Guest blogger Joanie DiMartino writes about her NaPoWriMo results six months later. Here’s a link to her blog from April 2012.

So “The Bed Bug Diaries” manuscript continues, line by line, word by word, syllable by syllable, forming into its own shapely art. I’m feeling confident enough to send individual poems scurrying out into the world—at least one has already found a home, others are still hiding under the mattresses of editorial consideration at different journals.

With a themed collection, it’s always a question of whether or not the editor appreciates, or understands, what it is the poet is trying to accomplish; at times that’s difficult when one is sending out only 3-5 poems at a time. Still, I persevere, as most editors are open and savvy, willing to entertain the aesthetics—if not the topic!—of a solidly-written poem. The editor of the press interested in this chapbook manuscript, Samantha Milowsky at Amethyst Arsenic Press, is looking forward to seeing the direction the work as a whole is taking, once her autumn obligations settle down.

As for the poems themselves, I have about 16 drafted so far, in several levels of completion, from first draft to polished piece, that I try to work on for at least an hour in the mornings before work, daily. The best poems surprise even the poet, and over the summer I developed the skeletal draft for what I’m sure will become the foundational poem for the collection.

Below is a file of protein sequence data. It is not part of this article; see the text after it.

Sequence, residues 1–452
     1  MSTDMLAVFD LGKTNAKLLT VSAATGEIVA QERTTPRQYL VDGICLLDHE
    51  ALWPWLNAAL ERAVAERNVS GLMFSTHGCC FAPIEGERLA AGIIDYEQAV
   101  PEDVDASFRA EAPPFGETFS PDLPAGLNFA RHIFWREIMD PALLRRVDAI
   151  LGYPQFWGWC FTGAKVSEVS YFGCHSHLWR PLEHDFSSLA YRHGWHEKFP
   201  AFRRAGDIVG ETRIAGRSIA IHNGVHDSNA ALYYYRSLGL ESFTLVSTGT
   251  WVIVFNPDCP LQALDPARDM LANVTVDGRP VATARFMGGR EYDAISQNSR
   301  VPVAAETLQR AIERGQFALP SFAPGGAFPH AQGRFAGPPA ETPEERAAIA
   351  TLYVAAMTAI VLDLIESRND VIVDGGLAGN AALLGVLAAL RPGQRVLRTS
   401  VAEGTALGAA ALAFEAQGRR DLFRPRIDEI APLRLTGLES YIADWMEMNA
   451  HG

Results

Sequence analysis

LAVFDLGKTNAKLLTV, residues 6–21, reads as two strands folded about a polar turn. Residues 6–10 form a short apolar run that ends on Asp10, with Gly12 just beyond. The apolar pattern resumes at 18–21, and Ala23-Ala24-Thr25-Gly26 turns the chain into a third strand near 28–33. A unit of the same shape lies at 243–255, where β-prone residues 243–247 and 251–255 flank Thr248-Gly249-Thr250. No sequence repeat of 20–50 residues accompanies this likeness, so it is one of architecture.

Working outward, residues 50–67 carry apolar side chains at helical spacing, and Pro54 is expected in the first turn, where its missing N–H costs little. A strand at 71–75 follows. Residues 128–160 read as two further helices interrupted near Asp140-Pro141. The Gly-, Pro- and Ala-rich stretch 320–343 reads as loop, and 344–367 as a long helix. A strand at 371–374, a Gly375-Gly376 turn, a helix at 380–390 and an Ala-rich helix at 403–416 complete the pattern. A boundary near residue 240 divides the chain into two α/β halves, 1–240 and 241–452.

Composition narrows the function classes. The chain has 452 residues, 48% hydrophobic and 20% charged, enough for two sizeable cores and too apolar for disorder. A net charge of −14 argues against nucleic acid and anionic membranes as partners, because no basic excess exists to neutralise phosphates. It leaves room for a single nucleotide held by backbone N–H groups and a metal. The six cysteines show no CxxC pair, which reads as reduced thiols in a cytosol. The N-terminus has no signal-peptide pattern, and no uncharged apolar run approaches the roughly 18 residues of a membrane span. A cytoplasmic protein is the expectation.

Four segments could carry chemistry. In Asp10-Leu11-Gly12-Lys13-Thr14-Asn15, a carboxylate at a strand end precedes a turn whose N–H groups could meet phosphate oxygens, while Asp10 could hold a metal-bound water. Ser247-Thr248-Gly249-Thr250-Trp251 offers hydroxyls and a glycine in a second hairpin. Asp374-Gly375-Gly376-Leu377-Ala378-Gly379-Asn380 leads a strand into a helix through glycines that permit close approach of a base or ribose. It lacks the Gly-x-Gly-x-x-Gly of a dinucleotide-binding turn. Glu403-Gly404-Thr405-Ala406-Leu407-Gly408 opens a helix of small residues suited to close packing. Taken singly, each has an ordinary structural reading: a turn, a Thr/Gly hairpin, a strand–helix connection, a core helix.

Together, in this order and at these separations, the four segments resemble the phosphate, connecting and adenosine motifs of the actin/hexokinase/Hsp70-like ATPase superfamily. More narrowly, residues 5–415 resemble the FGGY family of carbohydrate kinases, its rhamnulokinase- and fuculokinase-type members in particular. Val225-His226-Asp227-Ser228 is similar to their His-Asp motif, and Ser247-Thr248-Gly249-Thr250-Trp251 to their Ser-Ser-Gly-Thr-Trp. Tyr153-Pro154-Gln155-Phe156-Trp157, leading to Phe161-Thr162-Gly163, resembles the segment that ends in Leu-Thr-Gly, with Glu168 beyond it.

I have found that the idea of National Poetry Writing Month in April allows poets to embrace the seasonal cycle, to begin something new in the spring, or maybe even take a fresh look at a long-standing project. By autumn one can then take stock of how far the project, the manuscript, the individual poem, has progressed. We can harvest our own achievements, and also batten down for the intense inward focus the winter months allow.

I look forward to planting the seeds of a new creative project next April, after unleashing a chapbook collection of bed bug poems to crawl into the cozy chairs and laps of readers all over the world!

Joanie DiMartino is the author of Strange Girls (Little Red Tree Publishing, 2010), which was nominated for the Connecticut Book Award in poetry, and a chapbook, Licking the Spoon (Finishing Line Press, 2007). Her work has been featured in collaborative exhibits with visual artists in both Kentucky and Connecticut. She has worked in the history museum field for over fifteen years, and her work often pairs history with a feminist perspective. Along with performing poetry, she hosts Soup & Sonnets, a monthly literary salon for women and also reviews books and leads workshops. The Bed Bug Diaries is forthcoming from Amethyst Arsenic Press.